My 15 month old German Shepherd/mastiff mix has had escalating issues with separation anxiety. We adopted him from a shelter when he was 3 months old, he showed signs at that stage of anxiety but it usually consisted of whining and crying. We had gotten past this trouble for a while but now he seems to be having a much more difficult time dealing with us leaving the house, and he is much larger now so it has become difficult for us to handle as well. We used to be able to let him roam free in the laundry room in case he had an accident there were tile floors, but he has become destructive. He chewed the entire inside portion of the door. We bought him an extra large Kong crate, very sturdy and plenty of room. He was originally perfectly fine in his crate and howled a little if we needed to leave but would choose to go into his crate on his own to relax. Then he figured out how to work the door and let himself out and we began returning to a house that looked as if a tornado had been through it. We of course know that his first attempt was to find us once he got out because the blinds to every window were in pieces. We had to padlock his crate to be able to go to doctor's appointments. He returned to just whining, but soon figured out how to get out again somehow and once again the blinds were gone and everything torn apart. We have tried the DAP plugins and collars. The plugin seemed to work for a short time but he has returned to destructive behaviors and has broken the tray in his crate to pieces twice and has now managed somehow to entirely demolish a $200 metal crate....and several sets of blinds, again. We are at a loss at this point. We don't know how to help him. When we are home he is not destructive at all, he is very obedient, aside from the occassional puppy ADD. He has even started to calm down dramatically around the neighbor's dogs when they are out at the same time. He used to try to jump the fence to play with them and get very worked up, now he does his own thing and plays with our other dog. We only have trouble when we aren't here. The other dog is quite calm, never cries or freaks out when we leave. He weighs over 80lbs so the destruction that he can cause just trying to find us has gotten quite costly and we are afraid that he may hurt himself somehow but we can't just stop going to work or to appointments. Does anyone have any advice about this type of behavior and how to correct it, or how to help him be less anxious and scared when we leave? We have left radios playing for him in his room with the crate, but when he escapes he breaks the radio as well. Help please!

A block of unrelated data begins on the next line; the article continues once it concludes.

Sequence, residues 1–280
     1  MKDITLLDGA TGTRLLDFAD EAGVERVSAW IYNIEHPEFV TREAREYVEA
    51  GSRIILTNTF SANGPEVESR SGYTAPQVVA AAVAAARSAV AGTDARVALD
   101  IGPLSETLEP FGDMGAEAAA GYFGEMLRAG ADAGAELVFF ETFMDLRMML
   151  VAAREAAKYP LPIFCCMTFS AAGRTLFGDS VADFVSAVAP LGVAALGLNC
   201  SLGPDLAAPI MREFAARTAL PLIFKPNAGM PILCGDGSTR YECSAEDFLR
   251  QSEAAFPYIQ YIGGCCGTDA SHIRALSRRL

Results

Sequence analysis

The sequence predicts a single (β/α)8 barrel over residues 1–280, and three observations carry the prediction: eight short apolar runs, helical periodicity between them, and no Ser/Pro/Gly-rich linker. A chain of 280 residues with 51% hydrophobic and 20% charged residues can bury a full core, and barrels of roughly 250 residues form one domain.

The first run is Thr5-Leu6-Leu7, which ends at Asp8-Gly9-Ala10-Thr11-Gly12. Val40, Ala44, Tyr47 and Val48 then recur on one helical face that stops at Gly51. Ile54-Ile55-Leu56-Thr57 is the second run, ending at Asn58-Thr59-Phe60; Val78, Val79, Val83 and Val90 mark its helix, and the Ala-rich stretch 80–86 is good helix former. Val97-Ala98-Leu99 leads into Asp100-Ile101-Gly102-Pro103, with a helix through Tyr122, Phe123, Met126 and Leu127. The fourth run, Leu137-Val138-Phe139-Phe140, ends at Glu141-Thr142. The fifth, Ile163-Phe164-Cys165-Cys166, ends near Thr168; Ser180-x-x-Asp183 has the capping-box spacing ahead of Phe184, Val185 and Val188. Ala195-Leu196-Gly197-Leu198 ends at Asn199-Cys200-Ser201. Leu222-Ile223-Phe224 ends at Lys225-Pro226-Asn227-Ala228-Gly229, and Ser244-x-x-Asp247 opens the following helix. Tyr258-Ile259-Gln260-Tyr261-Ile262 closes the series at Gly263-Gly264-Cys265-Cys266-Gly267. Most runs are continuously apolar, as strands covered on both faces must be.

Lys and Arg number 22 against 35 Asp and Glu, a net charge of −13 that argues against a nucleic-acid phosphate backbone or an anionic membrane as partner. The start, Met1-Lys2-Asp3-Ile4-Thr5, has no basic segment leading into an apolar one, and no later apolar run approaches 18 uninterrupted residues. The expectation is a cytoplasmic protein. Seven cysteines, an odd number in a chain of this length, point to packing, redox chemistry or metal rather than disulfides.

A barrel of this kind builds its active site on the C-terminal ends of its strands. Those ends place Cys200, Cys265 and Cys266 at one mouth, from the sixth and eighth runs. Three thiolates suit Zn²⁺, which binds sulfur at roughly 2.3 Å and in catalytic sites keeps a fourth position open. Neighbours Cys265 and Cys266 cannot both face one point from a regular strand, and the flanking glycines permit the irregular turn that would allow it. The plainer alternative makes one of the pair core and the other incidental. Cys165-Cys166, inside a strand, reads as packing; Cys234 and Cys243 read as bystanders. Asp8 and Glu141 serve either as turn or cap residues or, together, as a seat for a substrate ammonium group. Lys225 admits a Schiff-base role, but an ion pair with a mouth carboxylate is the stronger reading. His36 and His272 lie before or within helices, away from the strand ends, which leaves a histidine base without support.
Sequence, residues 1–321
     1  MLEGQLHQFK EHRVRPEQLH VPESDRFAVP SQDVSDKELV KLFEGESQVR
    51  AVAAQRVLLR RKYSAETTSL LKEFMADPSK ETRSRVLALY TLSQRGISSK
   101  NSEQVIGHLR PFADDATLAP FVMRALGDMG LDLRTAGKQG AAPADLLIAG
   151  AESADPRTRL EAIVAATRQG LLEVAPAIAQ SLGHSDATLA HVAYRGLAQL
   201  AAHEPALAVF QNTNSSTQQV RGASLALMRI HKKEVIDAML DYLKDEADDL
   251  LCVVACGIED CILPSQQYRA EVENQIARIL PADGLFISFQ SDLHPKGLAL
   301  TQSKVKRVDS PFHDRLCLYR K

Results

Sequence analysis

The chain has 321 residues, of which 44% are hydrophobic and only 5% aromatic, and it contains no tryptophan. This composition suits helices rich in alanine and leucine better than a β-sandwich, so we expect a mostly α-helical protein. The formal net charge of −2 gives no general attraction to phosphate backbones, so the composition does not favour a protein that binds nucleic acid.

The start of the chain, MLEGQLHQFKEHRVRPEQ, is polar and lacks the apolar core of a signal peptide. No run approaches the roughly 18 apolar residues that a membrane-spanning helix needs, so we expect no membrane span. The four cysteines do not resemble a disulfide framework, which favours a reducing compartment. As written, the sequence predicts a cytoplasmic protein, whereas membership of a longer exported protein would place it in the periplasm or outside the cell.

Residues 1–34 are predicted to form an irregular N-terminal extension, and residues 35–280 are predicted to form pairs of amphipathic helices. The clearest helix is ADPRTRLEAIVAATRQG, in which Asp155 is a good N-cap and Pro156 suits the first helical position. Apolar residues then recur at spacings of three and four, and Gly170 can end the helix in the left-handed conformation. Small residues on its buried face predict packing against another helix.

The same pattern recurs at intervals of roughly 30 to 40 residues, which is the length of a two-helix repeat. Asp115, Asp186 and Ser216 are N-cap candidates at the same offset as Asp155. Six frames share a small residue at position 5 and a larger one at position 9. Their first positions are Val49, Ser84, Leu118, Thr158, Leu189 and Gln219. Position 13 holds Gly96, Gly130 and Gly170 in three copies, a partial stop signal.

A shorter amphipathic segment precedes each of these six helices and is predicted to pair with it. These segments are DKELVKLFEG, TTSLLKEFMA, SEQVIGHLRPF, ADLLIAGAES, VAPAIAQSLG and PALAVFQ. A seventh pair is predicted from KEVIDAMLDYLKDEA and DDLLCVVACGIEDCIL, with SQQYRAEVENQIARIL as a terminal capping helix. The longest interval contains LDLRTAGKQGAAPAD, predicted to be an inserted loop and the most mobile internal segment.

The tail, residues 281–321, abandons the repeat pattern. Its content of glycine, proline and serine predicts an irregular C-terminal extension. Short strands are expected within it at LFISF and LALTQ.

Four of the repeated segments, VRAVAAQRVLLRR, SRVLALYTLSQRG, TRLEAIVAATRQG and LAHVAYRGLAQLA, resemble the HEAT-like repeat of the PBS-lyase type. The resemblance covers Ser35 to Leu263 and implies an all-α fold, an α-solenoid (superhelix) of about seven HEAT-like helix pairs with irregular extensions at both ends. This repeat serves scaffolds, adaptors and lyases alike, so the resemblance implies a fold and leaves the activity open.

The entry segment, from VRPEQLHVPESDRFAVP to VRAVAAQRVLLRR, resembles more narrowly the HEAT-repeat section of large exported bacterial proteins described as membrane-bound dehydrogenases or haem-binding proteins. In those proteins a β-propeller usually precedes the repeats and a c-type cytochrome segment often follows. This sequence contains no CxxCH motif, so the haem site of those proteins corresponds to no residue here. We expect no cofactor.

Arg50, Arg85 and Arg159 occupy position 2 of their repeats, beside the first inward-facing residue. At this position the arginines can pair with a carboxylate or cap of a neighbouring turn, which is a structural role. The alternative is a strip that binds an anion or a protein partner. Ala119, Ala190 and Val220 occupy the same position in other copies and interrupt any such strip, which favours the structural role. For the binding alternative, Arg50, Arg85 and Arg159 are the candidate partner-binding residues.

If your dog is large and in a small area, there is a problem. Large dogs need room to run. How often do you walk this dog? This dog needs to be walked at least twice a day. I mean long walks too. If there is a pet park near by, you can let them run loose too. This dog is large and needs room to run. You cannot leave a dog in a small area and not let them have some
freedom to go on walks and maybe run and play each day.